42. Mitchell SA, Brown EC, Coldwell MJ, Jackson RJ, Willis AE. Protein factor requirements of the Apaf-1 internal ribosome entry segment: roles of polypyrimidine tract binding protein and upstream of N-ras. Mol Cell Biol. 2001;21(10):3364–74.PubMedPubMed CentralView ArticleGoogle Scholar
  43. Sawicka K, Bushell M, Spriggs KA, Willis AE. Polypyrimidine-tract-binding protein: a multifunctional RNA-binding protein. Biochem Soc Trans. 2008;36(Pt 4):641–7.PubMedView ArticlePubMed CentralGoogle Scholar
  44. Elatmani H, Dormoy-Raclet V, Dubus P, Dautry F, Chazaud C, Jacquemin-Sablon H. The RNA-binding protein Unr prevents mouse embryonic stem cells differentiation toward the primitive endoderm lineage. Stem Cells. 2011;29(10):1504–16.PubMedView ArticlePubMed CentralGoogle Scholar
  45. Ju Lee H, Bartsch D, Xiao C, Guerrero S, Ahuja G, Schindler C, Moresco JJ, Yates JR 3rd, Gebauer F, Bazzi H, Dieterich C, Kurian L, Vilchez D. A post-transcriptional program coordinated by CSDE1 prevents intrinsic neural differentiation of human embryonic stem cells. Nat Commun. 2017;8(1):1456.PubMedPubMed CentralView ArticleGoogle Scholar
  46. Markmiller S, Soltanieh S, Server KL, Mak R, Jin W, Fang MY, Luo EC, Krach F, Yang D, Sen A, Fulzele A, Wozniak JM, Gonzalez DJ, Kankel MW, Gao FB, Bennett EJ, et al. Context-dependent and disease-specific diversity in protein interactions within stress granules. Cell. 2018;172(3):590–604 e513.PubMedView ArticlePubMed CentralGoogle Scholar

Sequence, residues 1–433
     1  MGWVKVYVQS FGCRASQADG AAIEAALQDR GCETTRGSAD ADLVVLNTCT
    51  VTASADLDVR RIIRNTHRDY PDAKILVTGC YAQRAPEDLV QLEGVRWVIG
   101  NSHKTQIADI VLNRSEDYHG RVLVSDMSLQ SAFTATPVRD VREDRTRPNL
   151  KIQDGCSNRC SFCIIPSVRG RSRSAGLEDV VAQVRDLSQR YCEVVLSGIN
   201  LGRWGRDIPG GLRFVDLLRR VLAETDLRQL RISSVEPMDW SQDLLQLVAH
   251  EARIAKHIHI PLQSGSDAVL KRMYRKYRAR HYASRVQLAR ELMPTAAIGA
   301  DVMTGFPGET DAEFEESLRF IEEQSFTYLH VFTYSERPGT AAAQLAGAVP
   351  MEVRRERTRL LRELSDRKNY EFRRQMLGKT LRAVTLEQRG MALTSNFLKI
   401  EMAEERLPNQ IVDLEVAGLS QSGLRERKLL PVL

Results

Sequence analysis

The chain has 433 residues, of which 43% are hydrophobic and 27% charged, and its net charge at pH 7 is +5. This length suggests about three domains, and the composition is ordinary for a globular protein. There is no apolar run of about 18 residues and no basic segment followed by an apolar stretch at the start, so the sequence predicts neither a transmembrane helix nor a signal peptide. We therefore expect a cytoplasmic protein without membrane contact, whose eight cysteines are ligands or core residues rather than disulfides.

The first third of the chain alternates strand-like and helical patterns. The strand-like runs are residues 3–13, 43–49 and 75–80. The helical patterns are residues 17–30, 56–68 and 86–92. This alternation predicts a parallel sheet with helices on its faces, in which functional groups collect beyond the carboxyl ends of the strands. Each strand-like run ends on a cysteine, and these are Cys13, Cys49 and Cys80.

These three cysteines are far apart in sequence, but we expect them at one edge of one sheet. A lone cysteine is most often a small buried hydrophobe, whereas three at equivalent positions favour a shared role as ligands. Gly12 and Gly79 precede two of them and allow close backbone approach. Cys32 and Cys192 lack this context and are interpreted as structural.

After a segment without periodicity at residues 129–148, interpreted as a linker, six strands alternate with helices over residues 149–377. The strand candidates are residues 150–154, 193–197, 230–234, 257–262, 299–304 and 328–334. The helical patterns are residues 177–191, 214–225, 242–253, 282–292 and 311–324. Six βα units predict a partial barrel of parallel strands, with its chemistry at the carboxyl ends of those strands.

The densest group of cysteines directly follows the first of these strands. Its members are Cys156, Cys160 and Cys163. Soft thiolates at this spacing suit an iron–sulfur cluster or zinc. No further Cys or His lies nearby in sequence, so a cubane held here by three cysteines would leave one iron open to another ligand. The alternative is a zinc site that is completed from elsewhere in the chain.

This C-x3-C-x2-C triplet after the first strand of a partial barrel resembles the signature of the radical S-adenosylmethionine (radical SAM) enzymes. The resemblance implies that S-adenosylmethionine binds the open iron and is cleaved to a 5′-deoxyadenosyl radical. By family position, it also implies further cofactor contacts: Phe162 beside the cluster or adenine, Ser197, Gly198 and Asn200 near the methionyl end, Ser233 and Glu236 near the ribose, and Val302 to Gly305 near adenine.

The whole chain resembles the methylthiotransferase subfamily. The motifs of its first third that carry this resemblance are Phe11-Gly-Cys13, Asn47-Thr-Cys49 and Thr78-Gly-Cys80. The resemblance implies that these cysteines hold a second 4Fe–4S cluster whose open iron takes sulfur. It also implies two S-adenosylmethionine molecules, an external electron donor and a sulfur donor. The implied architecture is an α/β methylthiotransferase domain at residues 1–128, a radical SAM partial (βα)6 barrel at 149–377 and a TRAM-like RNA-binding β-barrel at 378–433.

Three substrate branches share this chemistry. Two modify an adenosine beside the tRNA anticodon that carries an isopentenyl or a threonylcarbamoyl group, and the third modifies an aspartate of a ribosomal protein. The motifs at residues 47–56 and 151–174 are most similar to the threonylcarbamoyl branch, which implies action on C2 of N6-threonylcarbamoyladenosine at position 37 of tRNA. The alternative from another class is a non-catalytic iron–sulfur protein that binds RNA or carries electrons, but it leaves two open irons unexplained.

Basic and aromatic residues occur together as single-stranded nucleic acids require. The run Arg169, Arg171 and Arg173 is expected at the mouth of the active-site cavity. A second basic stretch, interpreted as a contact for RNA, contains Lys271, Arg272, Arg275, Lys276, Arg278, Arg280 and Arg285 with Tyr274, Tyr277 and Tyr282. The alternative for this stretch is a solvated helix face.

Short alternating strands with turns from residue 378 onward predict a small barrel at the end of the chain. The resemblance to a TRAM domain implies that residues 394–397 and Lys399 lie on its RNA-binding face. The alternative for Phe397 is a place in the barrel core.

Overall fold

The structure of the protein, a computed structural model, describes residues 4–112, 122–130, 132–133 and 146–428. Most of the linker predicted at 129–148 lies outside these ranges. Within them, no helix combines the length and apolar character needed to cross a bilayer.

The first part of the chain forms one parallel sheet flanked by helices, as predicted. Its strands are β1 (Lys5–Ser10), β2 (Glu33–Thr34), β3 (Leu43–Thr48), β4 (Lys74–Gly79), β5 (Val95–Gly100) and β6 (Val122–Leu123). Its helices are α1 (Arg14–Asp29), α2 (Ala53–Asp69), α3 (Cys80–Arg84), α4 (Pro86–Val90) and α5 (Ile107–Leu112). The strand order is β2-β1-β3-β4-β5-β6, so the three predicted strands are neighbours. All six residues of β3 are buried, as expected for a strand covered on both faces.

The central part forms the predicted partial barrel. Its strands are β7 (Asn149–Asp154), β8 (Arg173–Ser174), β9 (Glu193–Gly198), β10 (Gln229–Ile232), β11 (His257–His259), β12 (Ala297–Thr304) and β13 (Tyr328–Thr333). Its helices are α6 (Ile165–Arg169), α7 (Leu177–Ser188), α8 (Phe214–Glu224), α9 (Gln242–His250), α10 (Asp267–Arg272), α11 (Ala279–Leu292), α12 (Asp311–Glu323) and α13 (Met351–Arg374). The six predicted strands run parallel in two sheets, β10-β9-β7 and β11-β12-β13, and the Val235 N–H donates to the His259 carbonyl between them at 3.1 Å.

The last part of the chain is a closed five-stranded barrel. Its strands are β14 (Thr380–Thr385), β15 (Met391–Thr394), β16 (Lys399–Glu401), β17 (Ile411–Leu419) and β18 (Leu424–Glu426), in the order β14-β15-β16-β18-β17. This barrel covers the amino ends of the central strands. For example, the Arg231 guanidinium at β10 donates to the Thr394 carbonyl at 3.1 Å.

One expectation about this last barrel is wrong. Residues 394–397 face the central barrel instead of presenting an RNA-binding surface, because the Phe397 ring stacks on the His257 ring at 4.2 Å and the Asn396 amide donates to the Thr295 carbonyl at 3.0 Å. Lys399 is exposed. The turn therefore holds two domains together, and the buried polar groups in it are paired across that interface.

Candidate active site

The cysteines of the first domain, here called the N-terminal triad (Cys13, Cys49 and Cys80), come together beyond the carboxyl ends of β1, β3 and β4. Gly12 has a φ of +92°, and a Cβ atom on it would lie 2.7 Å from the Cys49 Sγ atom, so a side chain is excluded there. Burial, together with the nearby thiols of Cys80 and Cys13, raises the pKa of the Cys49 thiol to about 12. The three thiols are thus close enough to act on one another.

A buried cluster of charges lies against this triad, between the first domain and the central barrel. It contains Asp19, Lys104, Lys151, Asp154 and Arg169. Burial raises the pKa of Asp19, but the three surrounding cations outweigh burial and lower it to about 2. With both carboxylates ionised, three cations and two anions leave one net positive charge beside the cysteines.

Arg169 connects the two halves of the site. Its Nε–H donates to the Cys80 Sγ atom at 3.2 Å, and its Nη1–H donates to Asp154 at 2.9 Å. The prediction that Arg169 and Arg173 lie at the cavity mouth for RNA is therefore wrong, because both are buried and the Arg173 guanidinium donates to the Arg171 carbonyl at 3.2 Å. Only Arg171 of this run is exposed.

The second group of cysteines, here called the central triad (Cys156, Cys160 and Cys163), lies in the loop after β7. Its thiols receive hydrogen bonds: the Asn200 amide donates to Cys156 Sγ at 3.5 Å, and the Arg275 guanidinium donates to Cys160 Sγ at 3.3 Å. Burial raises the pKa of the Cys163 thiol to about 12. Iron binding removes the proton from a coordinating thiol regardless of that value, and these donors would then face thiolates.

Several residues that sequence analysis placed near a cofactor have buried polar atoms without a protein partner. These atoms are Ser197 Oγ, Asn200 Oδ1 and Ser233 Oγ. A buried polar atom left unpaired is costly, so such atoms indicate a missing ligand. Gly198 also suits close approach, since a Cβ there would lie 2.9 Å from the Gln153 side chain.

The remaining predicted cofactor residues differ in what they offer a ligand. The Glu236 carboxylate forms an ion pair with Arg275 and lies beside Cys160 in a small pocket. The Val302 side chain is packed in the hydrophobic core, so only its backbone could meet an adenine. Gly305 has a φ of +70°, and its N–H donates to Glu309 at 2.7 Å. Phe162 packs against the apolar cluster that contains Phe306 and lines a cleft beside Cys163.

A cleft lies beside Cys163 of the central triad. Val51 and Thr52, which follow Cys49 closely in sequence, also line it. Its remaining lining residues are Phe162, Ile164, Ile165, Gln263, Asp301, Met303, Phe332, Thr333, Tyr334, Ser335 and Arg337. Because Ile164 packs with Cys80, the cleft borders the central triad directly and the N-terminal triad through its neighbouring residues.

47. Youn JY, Dunham WH, Hong SJ, Knight JDR, Bashkurov M, Chen GI, Bagci H, Rathod B, MacLeod G, Eng SWM, Angers S, Morris Q, Fabian M, Cote JF, Gingras AC. High-density proximity mapping reveals the subcellular organization of mRNA-associated granules and bodies. Mol Cell. 2018;69(3):517–32 e511.PubMedView ArticlePubMed CentralGoogle Scholar
  48. Hou H, Wang F, Zhang W, Wang D, Li X, Bartlam M, Yao X, Rao Z. Structure-functional analyses of CRHSP-24 plasticity and dynamics in oxidative stress response. J Biol Chem. 2011;286(11):9623–35.PubMedView ArticlePubMed CentralGoogle Scholar
  49. Mahboubi H, Stochaj U. Cytoplasmic stress granules: dynamic modulators of cell signaling and disease. Biochim Biophys Acta. 2017;1863(4):884–95.View ArticleGoogle Scholar
  50. Gulow K, Bienert D, Haas IG. BiP is feed-back regulated by control of protein translation efficiency. J Cell Sci. 2002;115(Pt 11):2443–52.PubMedPubMed CentralGoogle Scholar